Rock Art Sequence

The Kimberley Rock Art Sequence and terminology has been used for many years as the basic reference for discussion on respective rock-art motifs, groups, periods and epochs.

The paintings labelled ‘Bradshaw’ by the scientists of the Frobenius Institute expedition in 1938 are also known as ‘Gwion’. Gwion is a Ngarinyin word for the Sandstone Shrike Thrush; legend has it that the Gwion paintings were painted by the Sandstone Shrike Thrush with a bloody beak. There are various names given to this style of art and whilst all of these are acknowledged, for practical purposes KFA is  using ‘Gwion’  on its website.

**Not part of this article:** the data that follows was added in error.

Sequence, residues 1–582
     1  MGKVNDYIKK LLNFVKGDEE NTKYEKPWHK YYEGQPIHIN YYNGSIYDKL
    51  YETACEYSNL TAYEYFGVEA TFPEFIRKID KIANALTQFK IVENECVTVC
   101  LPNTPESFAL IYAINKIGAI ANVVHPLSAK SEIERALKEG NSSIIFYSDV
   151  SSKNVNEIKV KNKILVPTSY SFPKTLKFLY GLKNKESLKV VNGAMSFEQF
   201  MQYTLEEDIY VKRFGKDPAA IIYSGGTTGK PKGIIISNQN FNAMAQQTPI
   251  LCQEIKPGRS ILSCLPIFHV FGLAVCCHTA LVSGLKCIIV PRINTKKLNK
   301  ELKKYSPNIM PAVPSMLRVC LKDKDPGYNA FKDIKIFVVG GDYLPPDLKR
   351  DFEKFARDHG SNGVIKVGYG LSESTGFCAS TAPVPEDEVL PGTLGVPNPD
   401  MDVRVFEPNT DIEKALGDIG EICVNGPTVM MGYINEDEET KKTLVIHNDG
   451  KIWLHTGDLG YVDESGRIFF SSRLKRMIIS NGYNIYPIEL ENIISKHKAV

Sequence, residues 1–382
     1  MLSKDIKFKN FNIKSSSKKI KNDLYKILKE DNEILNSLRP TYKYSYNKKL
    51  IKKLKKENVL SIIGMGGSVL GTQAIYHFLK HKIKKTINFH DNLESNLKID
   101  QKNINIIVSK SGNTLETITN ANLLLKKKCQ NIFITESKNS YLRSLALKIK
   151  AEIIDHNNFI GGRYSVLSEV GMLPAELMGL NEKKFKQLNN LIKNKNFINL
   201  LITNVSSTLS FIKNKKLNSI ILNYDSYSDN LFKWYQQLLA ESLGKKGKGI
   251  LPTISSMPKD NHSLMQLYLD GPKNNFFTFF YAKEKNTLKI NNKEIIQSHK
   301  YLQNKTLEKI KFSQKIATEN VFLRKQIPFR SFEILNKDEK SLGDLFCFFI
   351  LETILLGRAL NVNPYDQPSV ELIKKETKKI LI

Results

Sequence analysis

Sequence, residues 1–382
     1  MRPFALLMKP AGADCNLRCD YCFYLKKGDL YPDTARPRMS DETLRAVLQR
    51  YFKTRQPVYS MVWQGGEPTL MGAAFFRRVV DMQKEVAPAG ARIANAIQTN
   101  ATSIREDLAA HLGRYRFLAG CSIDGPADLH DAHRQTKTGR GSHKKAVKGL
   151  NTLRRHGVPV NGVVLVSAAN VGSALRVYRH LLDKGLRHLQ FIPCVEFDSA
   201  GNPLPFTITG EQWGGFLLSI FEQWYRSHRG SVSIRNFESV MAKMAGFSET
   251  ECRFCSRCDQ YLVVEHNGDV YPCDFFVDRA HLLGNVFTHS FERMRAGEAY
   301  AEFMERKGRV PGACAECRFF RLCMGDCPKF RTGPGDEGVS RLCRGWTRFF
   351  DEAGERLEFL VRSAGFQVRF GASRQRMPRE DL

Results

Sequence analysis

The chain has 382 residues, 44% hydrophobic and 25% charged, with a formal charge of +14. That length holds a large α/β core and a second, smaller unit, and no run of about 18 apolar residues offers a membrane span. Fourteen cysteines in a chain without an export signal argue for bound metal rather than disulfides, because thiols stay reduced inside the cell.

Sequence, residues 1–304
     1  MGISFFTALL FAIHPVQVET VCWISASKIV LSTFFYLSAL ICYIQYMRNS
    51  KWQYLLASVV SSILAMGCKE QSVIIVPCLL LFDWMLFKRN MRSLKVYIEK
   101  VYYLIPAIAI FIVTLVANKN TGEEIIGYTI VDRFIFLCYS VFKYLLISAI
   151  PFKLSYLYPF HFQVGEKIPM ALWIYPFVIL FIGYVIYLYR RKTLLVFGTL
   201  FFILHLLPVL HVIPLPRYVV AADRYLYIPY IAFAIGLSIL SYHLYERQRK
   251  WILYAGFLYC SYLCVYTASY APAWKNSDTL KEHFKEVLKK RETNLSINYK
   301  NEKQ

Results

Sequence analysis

More recently, researchers and scientists in the field of rock art research have brought their own descriptions and terminology to describe some rock art traditions.

The Kimberley rock art sequence of art styles have been determined by superimposition.

Some names and suggested ages for the rock art will likely change over time. A more recent approach to terminology can be found at Rock Art Styles.

I support the KFA because the rock art of the Kimberley region is a great treasure - it represents the cultural heritage and tradition of Indigenous Australians. The beauty and the spirit of the rock art lives on today. I am inspired by the work that the Kimberley Foundation does in preserving, protecting and promoting the significance and value of these great works.
Brooke YoungKFA supporter
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